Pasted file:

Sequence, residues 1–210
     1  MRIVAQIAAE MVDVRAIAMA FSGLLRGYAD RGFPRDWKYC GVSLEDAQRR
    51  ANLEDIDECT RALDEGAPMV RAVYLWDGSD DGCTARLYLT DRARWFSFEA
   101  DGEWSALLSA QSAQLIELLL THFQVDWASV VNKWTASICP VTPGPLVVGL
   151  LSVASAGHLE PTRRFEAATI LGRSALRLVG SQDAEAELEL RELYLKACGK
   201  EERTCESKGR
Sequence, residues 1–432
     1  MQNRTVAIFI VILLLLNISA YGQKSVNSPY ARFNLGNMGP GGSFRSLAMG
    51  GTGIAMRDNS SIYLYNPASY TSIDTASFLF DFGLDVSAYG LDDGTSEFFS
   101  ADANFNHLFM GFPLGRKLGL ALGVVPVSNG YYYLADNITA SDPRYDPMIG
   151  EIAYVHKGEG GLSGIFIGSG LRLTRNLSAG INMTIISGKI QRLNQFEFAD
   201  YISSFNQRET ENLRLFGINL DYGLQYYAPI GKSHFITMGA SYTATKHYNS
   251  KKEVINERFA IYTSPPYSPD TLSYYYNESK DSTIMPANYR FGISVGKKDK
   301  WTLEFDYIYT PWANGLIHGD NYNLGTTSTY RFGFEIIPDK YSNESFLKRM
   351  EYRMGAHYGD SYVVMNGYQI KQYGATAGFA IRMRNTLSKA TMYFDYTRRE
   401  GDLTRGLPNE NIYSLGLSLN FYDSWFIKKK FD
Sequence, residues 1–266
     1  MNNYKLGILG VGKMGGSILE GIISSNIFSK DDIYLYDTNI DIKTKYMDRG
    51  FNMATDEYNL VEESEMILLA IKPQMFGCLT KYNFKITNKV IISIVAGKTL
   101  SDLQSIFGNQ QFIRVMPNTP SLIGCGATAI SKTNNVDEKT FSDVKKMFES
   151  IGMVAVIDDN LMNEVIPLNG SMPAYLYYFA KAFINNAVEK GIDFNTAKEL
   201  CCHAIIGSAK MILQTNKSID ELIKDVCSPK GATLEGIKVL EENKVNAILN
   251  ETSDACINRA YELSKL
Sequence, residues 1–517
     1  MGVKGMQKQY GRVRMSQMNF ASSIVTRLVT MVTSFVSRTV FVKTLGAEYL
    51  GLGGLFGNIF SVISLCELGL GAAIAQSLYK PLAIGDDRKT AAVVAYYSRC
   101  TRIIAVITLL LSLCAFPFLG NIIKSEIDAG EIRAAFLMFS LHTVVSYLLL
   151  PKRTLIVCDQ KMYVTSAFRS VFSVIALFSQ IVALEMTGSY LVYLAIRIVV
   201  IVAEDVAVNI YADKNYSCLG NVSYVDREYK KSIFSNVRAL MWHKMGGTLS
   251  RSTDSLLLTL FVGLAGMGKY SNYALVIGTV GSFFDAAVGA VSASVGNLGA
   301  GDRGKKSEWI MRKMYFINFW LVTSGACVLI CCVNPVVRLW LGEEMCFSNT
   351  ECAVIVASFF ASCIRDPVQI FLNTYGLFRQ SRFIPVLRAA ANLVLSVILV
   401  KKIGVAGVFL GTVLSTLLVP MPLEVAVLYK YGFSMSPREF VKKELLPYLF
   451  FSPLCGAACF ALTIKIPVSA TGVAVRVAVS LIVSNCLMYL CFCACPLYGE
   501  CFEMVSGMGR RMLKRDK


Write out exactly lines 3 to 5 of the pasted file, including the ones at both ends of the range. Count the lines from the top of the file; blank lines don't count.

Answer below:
    51  ANLEDIDECT RALDEGAPMV RAVYLWDGSD DGCTARLYLT DRARWFSFEA
   101  DGEWSALLSA QSAQLIELLL THFQVDWASV VNKWTASICP VTPGPLVVGL
   151  LSVASAGHLE PTRRFEAATI LGRSALRLVG SQDAEAELEL RELYLKACGK